The two were reportedly guests at Yahoo!’s White House Correspondents’ Dinner party over the weekend. Full story
Award-winning songstress Alanis Morissette has released a new inspirational ditty. And it’s all about making the world a better place — by voting for House hopeful Marianne Williamson.
The anthemic “Today” — which includes the refrain, “Less we revive this constitution/From sure disintegration/Live out this revelation/Today” — was recorded by Morissette explicitly for Williamson’s campaign. Williamson, a self-help guru, is vying for the seat being vacated by retiring Rep. Henry A. Waxman, D-Calif., in a race that has brought out dozens of potential successors looking to cast themselves as the official face of Hollywood in Washington, D.C.
Per Williamson’s campaign, Morissette was approached about putting together a musical tribute a few weeks back and immediately jumped at the opportunity.
“I was attempting to capture the passion, mission, activism, deep humanity and tenderness of Marianne, the new political sensibility she represents and the consciousness that produced it,” Morissette shared on YouTube about the writing experience, adding, “I love this song. I love this woman and I love a world that would vote for her.” Full story
April 1, 2014
The Recording Academy’s annual gala, the toe-tapping GRAMMYs on the Hill awards show, will once rock and roll its way through The Hamilton on Wednesday.
Chart-topping performers Lady Antebellum are slated to be honored with The Recording Academy’s Recording Artists’ Coalition Award, while House Majority Whip Kevin McCarthy, R-Calif., and House Minority Leader Nancy Pelosi, D-Calif., will move from behind the scenes — McCarthy became co-chairman of the Recording Arts and Sciences Congressional Caucus in 2013; Pelosi addressed GRAMMYs on the Hill advocates during their 2010 lobbying day — to center stage to receive the GRAMMYs on the Hill Award.
Other musicians expected to mix and mingle with lawmakers and their entourages Wednesday night include:
The nearly shot-for-shot remake of the Ray Charles-led number from the original “Blues Brothers” they did for their “Thinking ‘Bout Somethin’” video was absolutely brilliant. Full story
March 24, 2014
Entertainer Dave Brockie, the human counterpart to intergalactic swordsman Oderus Urungus, died Sunday, leaving behind a massive void for metal-heads used to having the GWAR singer settle political scores for them.
As first reported by Style Weekly, Brockie, 50, was found dead at his home in Richmond, Va., on Sunday afternoon.
The inexhaustible showman carved out an amazing career for himself as the co-founder and face of GWAR, a heavy metal band as well known for its grotesque costumes and fake blood-soaked skits as it is for its ear-splitting performances.
Whether clad in his horned mask and generously proportioned body suit or not, Brockie was never one to hold his tongue. A few years back, he chewed out the U.S. State Department for presumably dragging its feet in fighting for the return of Lamb of God singer David Randall “Randy” Blythe from imprisonment in the Czech Republic, and waded into New Mexican primary challenges by endorsing then-House hopeful Sean Closson.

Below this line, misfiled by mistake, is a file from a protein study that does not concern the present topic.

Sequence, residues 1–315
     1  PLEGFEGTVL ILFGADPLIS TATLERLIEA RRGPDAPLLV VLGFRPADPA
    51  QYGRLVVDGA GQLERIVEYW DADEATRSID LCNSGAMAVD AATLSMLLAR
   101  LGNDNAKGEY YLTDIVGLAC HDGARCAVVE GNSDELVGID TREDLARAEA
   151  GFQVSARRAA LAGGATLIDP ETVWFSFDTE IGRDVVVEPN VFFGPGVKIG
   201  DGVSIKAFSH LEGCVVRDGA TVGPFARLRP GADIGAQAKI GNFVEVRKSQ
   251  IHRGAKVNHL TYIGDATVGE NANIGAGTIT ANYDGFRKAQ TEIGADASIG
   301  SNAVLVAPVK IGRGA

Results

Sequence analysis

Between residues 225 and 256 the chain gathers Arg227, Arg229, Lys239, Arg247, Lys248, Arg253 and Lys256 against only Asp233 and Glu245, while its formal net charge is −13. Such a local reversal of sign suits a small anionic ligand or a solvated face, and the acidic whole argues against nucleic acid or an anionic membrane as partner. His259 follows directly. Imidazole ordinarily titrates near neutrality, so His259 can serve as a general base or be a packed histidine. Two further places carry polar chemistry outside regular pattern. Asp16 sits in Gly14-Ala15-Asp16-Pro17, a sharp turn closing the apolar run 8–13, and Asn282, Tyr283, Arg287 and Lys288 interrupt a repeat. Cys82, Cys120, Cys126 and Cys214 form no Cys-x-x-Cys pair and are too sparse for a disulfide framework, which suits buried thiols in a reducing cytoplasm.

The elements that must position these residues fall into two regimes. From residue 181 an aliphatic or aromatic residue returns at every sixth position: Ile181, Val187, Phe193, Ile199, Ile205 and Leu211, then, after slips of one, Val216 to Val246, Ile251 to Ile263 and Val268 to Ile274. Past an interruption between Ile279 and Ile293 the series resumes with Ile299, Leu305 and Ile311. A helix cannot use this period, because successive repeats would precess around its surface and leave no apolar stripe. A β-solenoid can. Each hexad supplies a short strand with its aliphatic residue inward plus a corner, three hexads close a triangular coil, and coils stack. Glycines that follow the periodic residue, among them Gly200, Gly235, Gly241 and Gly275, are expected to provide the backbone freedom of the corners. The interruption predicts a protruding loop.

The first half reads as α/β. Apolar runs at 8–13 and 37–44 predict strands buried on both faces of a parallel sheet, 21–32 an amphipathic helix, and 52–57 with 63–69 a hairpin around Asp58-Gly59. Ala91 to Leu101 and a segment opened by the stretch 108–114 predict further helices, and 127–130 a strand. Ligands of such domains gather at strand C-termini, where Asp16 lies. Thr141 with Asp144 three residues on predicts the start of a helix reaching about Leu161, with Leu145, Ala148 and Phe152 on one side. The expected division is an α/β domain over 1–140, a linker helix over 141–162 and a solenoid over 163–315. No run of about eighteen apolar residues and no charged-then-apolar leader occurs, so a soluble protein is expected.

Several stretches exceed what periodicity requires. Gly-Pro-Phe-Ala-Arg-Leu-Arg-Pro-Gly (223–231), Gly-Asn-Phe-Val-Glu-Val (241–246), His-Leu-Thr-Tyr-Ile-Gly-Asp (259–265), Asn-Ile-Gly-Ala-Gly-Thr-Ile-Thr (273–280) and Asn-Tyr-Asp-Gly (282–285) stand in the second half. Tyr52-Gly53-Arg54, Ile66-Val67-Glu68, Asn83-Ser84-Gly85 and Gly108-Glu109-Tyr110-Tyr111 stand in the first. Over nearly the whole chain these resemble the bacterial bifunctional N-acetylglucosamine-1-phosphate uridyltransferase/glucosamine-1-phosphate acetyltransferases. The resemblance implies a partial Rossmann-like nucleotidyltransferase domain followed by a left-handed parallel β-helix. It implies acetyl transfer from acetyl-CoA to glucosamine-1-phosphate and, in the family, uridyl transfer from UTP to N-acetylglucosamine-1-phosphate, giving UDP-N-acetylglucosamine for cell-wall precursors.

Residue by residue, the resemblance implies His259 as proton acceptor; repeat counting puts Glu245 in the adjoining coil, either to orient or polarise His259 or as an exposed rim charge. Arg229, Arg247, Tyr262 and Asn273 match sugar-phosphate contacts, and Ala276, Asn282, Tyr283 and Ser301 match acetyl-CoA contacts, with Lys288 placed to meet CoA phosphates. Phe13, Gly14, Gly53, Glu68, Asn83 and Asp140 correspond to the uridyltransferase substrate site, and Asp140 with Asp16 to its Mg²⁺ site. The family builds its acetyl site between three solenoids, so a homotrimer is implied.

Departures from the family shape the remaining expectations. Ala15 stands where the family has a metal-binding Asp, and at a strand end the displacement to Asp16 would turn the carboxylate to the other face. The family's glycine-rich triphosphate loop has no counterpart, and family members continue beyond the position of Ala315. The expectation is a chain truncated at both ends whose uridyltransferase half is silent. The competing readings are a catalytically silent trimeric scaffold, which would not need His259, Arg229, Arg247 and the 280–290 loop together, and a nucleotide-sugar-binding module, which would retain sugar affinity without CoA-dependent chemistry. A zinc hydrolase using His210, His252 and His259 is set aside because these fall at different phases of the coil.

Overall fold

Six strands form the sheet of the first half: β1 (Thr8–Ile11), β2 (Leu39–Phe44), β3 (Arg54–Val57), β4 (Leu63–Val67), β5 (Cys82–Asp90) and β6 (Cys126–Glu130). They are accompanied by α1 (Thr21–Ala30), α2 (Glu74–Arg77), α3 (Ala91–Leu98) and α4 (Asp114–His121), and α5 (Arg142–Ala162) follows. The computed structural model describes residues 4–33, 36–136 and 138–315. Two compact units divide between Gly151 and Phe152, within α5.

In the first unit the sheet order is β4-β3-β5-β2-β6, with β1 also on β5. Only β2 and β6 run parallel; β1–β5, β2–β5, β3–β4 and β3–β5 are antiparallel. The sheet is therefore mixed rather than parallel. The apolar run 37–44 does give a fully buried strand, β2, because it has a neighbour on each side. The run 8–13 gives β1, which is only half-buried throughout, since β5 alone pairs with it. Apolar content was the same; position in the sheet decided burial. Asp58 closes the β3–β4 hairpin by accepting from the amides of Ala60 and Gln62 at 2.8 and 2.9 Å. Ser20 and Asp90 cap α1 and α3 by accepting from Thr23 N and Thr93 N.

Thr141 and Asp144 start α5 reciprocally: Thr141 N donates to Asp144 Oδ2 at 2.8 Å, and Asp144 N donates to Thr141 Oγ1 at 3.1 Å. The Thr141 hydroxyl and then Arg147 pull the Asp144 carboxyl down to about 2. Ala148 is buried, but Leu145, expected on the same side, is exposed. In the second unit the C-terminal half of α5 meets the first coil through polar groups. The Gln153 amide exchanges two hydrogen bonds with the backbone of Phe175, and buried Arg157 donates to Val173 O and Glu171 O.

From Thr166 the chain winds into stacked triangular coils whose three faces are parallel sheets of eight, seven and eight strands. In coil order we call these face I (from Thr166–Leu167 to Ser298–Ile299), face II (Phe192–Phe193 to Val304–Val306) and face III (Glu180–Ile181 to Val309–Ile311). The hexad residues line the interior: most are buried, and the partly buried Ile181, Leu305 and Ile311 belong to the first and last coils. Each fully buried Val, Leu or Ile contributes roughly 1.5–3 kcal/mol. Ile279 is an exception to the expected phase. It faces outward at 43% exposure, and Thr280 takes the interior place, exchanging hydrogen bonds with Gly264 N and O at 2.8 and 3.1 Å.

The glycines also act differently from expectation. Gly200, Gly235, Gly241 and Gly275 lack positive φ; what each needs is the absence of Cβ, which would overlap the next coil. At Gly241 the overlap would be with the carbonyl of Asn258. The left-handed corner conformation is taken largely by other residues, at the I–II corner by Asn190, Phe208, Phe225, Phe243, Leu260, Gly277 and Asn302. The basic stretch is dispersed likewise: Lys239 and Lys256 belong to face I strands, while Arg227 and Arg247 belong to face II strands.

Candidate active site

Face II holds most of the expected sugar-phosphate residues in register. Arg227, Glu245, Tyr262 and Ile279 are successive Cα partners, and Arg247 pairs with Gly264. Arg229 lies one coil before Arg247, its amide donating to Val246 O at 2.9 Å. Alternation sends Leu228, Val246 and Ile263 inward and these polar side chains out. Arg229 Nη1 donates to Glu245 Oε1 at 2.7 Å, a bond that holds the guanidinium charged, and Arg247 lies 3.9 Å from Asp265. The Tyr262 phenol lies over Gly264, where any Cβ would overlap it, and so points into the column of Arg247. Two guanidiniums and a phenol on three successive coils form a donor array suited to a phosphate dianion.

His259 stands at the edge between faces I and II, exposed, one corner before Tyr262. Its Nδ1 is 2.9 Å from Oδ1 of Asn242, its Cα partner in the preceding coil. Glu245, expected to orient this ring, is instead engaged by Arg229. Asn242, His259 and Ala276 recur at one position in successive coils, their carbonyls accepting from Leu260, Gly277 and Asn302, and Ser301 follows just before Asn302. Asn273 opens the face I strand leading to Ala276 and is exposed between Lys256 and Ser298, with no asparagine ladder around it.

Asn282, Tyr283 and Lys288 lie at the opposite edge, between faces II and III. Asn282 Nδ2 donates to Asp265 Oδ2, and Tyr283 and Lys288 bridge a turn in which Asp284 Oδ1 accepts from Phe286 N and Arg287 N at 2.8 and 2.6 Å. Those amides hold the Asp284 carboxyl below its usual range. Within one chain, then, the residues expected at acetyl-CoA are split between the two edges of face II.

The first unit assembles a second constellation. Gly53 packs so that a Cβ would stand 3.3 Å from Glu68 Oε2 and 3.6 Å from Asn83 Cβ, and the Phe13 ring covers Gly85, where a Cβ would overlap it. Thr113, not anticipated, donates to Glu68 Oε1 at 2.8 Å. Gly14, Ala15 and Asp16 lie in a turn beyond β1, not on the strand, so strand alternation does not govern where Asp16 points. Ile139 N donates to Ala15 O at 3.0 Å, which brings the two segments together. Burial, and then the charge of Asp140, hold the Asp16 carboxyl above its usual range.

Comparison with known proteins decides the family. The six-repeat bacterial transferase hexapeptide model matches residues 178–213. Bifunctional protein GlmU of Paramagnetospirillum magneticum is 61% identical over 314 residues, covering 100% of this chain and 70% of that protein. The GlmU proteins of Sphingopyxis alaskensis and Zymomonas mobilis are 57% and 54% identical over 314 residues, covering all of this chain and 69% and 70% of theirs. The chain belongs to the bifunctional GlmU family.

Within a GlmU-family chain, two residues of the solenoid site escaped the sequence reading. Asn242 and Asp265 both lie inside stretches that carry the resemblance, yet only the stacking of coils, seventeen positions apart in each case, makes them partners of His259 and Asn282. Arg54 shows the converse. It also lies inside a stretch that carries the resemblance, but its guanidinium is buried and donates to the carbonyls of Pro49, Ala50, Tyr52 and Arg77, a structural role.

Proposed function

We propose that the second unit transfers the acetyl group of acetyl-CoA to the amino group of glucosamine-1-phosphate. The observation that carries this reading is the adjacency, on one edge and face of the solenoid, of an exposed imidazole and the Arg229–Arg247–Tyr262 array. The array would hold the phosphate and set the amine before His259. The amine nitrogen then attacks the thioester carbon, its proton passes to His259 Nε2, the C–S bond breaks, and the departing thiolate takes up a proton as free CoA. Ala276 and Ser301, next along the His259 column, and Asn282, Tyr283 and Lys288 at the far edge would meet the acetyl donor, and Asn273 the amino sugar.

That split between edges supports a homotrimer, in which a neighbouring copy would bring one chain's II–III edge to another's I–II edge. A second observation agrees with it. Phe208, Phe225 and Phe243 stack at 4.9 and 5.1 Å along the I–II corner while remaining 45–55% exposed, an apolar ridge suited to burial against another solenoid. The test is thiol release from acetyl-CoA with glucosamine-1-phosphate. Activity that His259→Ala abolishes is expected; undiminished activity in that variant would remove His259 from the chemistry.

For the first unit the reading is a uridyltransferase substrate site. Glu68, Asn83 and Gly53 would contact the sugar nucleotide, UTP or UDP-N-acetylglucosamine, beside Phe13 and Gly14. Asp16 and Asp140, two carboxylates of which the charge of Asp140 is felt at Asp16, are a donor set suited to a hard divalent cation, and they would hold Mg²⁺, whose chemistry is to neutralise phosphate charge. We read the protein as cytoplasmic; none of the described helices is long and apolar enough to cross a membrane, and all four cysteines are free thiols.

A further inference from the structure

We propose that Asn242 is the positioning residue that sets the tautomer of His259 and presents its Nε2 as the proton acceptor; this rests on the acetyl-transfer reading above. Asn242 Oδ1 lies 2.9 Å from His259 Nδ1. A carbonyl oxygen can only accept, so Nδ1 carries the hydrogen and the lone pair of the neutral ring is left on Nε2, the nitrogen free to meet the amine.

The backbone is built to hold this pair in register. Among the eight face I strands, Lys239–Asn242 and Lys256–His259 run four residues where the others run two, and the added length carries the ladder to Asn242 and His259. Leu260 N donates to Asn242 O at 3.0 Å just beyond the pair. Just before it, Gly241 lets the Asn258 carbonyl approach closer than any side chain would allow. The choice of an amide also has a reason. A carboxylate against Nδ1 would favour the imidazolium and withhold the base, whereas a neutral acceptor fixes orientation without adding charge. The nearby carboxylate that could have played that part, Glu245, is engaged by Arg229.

Brockie, however, did his best work on stage — mercilessly disposing of political foes, both domestic:
President Barack Obama
March 3, 2014
How do you stand out in a crowded Democratic primary field with nearly a dozen well-connected, viable candidates?
Distribute a catchy ditty created by children of your family friends.
That’s what former Virginia Lt. Gov. Don Beyer is doing in the Democratic primary in Virginia’s open 8th District race.
Beyer, who recently finished up a stint as ambassador to Switzerland and Lichtenstein, is one of 11 Democrats running to replace retiring Rep. James P. Moran in this heavily Democratic Northern Virginia House seat.
His campaign recently release a YouTube video created by Mae and John Keating, two middle-school students whose parents are friends of the Beyers, which touts Beyers’ credentials for the race. The video, released Feb. 17, already has more than 1,400 views.
February 26, 2014
REYKJAVIK, Iceland — A Marist College poll released Wednesday shows District Mayor Vincent Gray ahead of a crowded pack of candidates vying to capture the Democratic mayoral nomination on April 1. But when queried about their level of excitement for the upcoming race, only 32 percent of Democrats polled claimed to be “very enthusiastic” about voting. That number might be different if we were in Iceland, where the mayor here told a magazine he would only work with politicians who have watched “The Wire” and agree it was the best thing to happen to TV.
Reykjavik Mayor Jón Gnarr, a comedian turned elected official, took office in 2010 after running mostly on a lark as a Best Party candidate. He promised to “do away with all debt,” get a polar bear for the Reykjavik Zoo and to economize, saying, “We only need one Santa!”
The Best Party platform is worth digging into. Thankfully, they’ve made that an entertaining task by shooting a “We Are the World”-esque music video laying out their priorities to the tune of, you guessed it, “Simply the Best.” (The production values are impressive, but we’d expect nothing less from a party that counts the Sugarcubes’ Einar Örn Benediktsson as a member; he joined the city council in the same election cycle.)
Unfortunately for us, the mayor announced in the fall he would not seek re-election, which means we only have until May to enjoy his antics.